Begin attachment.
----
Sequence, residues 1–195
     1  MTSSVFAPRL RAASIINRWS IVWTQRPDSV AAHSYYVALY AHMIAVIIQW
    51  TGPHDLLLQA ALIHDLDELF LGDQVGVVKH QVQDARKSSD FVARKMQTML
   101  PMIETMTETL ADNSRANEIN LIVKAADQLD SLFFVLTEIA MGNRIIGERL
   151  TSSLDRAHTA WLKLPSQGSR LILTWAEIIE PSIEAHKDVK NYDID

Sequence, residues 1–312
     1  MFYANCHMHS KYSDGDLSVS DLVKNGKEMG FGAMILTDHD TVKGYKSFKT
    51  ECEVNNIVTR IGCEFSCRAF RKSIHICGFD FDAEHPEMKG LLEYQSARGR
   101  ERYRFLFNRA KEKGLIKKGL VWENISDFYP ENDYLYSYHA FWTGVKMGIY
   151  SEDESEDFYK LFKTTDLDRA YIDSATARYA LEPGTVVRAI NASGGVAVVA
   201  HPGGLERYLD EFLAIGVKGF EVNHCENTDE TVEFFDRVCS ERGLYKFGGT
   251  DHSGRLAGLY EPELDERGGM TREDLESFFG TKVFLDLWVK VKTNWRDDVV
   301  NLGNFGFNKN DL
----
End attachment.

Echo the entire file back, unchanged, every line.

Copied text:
Sequence, residues 1–195
     1  MTSSVFAPRL RAASIINRWS IVWTQRPDSV AAHSYYVALY AHMIAVIIQW
    51  TGPHDLLLQA ALIHDLDELF LGDQVGVVKH QVQDARKSSD FVARKMQTML
   101  PMIETMTETL ADNSRANEIN LIVKAADQLD SLFFVLTEIA MGNRIIGERL
   151  TSSLDRAHTA WLKLPSQGSR LILTWAEIIE PSIEAHKDVK NYDID

Sequence, residues 1–312
     1  MFYANCHMHS KYSDGDLSVS DLVKNGKEMG FGAMILTDHD TVKGYKSFKT
    51  ECEVNNIVTR IGCEFSCRAF RKSIHICGFD FDAEHPEMKG LLEYQSARGR
   101  ERYRFLFNRA KEKGLIKKGL VWENISDFYP ENDYLYSYHA FWTGVKMGIY
   151  SEDESEDFYK LFKTTDLDRA YIDSATARYA LEPGTVVRAI NASGGVAVVA
   201  HPGGLERYLD EFLAIGVKGF EVNHCENTDE TVEFFDRVCS ERGLYKFGGT
   251  DHSGRLAGLY EPELDERGGM TREDLESFFG TKVFLDLWVK VKTNWRDDVV
   301  NLGNFGFNKN DL